According to the BPCA, carpet beetle larvae or “woolly bears” have overtaken clothes moth as the main textile pest in Britain.
Their impact on museum collections is well known, but they’re also common in domestic settings, where clothes moths often get the blame for holes found in clothes and carpets.
Here’s everything you need to know about this destructive pest, and what you can do to get rid of them.
Adult carpet beetles feed on pollen and nectar. Like clothes moths, it’s the larvae that do all the damage.
Carpet beetle larvae feed on keratin (found in hair, feathers, fur, wool) and chitin (the material insect bodies are made out of).
If they go unnoticed, they can do serious damage to clothes, carpets and furniture as well as – much to the annoyance of museums, art galleries and antique shops – taxidermy and insect collections.
Carpet beetle larvae live for around 1-3 years before pupating and emerging as 2mm-long adult beetles, which fly off to find pollen, nectar and mates for 2 weeks before dying.
Compare this to the clothes moth, which have a larval stage of 1 month to 2 years depending on their conditions (usually on the lower end in central heated houses) before the clumsy adult moths start bouncing around the house.
Almost anyone could identify a clothes moth, but would you be able to describe a carpet beetle off the top of your head? The combination of a longer larval stage and harder-to-spot adults allows carpet beetles to go unnoticed for months, even years.
Carpet beetle larvae range from 0.5-5mm depending on their age. Their bodies are plump and covered in fine hairs which give them their nickname “woolly bears”. The eggs they hatch from are microscopic, and not worth looking for.
Adult beetles are 2mm long with a round body and a distinctive mottled white, black and brown pattern – similar to a camouflage pattern.
When we look for evidence of carpet beetle infestation, we search for other signs of their lifecycle, such as empty husks left over when larvae shed their carapaces or clusters of tiny, pinhead-sized black droppings.
Pheromone traps are also useful for identifying a carpet beetle infestation, as adults are attracted to the scent and become stuck. It is important to note pheromone traps should only be used for identification as they have a minimal effect on the extent of infestation.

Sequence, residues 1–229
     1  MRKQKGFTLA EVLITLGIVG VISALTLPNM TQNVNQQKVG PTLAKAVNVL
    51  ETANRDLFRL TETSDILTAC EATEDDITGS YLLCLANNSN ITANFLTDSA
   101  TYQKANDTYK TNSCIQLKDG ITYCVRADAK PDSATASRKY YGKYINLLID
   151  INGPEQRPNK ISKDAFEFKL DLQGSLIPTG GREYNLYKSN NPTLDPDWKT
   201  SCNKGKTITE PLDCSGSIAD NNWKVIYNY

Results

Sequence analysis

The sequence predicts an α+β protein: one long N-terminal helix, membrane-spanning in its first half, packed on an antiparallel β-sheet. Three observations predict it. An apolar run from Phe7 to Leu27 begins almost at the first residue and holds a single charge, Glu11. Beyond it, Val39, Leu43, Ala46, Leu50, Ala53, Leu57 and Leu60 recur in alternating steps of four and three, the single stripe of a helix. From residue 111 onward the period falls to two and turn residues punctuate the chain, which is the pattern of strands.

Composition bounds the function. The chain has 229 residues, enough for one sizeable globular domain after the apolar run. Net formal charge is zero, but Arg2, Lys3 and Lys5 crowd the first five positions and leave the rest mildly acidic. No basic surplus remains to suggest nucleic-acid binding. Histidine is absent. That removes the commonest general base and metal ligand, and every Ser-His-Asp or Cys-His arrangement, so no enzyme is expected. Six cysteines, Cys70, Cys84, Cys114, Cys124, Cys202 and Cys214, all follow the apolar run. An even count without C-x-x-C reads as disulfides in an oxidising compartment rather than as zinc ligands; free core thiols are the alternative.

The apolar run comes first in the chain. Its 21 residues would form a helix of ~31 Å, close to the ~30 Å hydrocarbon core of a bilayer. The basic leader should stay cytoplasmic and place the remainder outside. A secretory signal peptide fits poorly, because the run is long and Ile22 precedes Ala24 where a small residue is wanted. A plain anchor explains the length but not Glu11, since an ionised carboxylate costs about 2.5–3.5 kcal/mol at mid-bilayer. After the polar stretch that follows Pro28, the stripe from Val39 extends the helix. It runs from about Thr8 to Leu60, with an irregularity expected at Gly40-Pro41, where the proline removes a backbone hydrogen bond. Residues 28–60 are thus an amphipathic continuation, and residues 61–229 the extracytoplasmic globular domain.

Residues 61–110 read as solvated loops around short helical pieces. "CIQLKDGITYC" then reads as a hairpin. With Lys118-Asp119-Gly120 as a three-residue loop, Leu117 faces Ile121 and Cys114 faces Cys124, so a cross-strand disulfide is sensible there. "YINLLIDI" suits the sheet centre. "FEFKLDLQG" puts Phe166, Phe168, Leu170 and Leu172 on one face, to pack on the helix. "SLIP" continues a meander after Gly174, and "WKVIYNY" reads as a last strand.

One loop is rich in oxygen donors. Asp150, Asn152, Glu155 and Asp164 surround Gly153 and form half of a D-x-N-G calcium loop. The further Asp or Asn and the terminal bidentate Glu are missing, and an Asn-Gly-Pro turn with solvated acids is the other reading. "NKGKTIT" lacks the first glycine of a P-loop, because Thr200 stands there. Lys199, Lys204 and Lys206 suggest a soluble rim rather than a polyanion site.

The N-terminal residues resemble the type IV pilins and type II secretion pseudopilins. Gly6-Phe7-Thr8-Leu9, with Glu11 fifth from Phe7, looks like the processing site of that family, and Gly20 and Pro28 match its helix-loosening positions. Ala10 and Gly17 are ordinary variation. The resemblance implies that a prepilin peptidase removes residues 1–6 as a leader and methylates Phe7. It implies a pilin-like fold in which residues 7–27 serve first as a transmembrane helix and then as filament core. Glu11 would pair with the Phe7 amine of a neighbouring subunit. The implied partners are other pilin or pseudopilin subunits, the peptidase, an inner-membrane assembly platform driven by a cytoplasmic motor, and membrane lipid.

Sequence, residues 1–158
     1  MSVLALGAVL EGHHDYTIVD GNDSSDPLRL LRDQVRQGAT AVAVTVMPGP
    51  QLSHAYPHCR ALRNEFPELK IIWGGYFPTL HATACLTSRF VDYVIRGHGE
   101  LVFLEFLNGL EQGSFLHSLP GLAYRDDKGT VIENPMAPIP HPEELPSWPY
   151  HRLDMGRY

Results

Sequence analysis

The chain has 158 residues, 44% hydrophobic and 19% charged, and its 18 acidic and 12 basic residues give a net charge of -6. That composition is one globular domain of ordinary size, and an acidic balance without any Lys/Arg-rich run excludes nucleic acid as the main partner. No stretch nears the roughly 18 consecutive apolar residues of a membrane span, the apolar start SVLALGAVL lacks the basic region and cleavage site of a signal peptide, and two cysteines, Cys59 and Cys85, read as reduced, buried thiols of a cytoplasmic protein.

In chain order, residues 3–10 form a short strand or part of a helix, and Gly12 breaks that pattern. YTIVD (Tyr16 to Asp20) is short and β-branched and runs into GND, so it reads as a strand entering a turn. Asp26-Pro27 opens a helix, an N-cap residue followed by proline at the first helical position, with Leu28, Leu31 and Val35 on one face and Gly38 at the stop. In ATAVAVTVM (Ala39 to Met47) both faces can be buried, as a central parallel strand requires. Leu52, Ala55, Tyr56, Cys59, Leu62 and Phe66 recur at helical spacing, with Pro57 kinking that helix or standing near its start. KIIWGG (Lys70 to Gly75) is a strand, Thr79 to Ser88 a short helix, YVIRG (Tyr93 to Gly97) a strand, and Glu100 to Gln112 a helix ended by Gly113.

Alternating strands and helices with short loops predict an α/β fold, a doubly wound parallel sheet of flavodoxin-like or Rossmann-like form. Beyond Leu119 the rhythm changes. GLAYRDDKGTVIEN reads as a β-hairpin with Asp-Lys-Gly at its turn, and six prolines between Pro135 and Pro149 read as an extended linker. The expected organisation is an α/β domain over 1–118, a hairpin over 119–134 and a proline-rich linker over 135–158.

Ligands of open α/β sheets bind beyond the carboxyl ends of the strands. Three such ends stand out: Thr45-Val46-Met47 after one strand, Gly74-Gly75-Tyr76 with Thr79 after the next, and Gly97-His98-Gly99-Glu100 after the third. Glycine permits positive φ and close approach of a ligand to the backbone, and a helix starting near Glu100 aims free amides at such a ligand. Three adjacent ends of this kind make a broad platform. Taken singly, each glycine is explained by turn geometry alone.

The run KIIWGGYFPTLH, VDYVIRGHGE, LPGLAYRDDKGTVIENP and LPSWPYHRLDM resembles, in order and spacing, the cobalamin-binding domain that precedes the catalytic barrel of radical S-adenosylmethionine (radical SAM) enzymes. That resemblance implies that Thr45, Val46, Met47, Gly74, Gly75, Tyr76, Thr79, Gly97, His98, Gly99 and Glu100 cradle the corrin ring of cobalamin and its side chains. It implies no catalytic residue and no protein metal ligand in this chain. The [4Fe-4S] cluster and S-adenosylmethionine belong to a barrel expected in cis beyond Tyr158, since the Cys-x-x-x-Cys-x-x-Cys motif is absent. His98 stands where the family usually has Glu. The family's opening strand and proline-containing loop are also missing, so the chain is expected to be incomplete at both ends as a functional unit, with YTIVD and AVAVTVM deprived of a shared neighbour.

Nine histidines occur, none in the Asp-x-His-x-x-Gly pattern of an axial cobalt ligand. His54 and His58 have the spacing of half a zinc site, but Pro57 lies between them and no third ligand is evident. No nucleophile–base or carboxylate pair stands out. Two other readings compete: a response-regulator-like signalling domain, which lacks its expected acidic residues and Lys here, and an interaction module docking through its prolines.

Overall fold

When people see small beetles crawling around their bed, their immediate fear is that they have bedbugs. This is further confused when they wake up with what appear to be bedbug bites.
But these “bites” are actually allergic reactions to detritus left behind by larvae, with their fine hairs believed to be especially allergenic. The reaction appears as clusters of small, irritated bumps, which can be easily confused with bites.
We often discover carpet beetle infestations during bedbug surveys, which is good news, as they’re much easier to exterminate. Carpet beetles are also found during clothes moth surveys, as they feed on the same materials.
You prevent carpet beetles the same way you prevent clothes moths: regular, thorough hoovering and smart storage of items.
Like clothes moths, carpet beetles thrive in undisturbed locations where they have a food source. In domestic settings, the corners of carpets, seems in mattresses and rolls of unused fabrics in attics all provide opportunities for carpet beetles to feed and breed.
Unused clothes should be dry cleaned and then vacuum packed to kill any larvae and to prevent spread from one item to another.
You should also look out for birds nests on your property, as nests are the natural habitat for carpet beetles. It’s believed that infestations are primarily spread by eggs and larvae hitching a ride on birds, which then crawl from the nest inside buildings.
It’s the damage carpet beetles cause to taxidermy and insect collection which makes them notorious pests of museums, art galleries and antique stores. Such items may be stored for months or years without being seen, allowing carpet beetles to cause catastrophic damage.
Anyone who is responsible for such collections must regularly check all items, or arrange a contract with a pest controller (such as Environ) who can provide ongoing inspections and prevention.
We are also happy to train staff in identifying and preventing carpet beetle infestation.
Unfortunately, like clothes moths, once an infestation has taken hold, there’s little you can do to get rid of them without professional help.
If you catch an infestation very early on a small item, vacuum bagging and freezing the item can kill any larvae – though eggs my survive.
For larger items, you will have to arrange for a heat tent or residual application of insecticides if they will not damage the item. Fogging or fumigation may be required if infestation has spread to a wider area.
As carpet beetles have a frustrating love for very valuable, delicate items, it’s important that you hire a pest controller with experience working for art galleries, museums or antique stores – otherwise you might end up with more damage than the beetles were causing!
Following carpet beetle extermination, you should also have your building thoroughly proofed to prevent repeat infestation in the future. This includes sealing windows, holes around pipework and removing bird nests.
Overall, like all pests, prevention of carpet beetles is cheaper than the cure. Regular hoovering and careful storage of vulnerable items will save you from the heartbreaking discovery that carpet beetles have chewed through irreplaceable items.
If you’ve found evidence of a carpet beetle infestation, you can book a completely free, no obligation survey to confirm the level of infestation and a quote for extermination and proofing.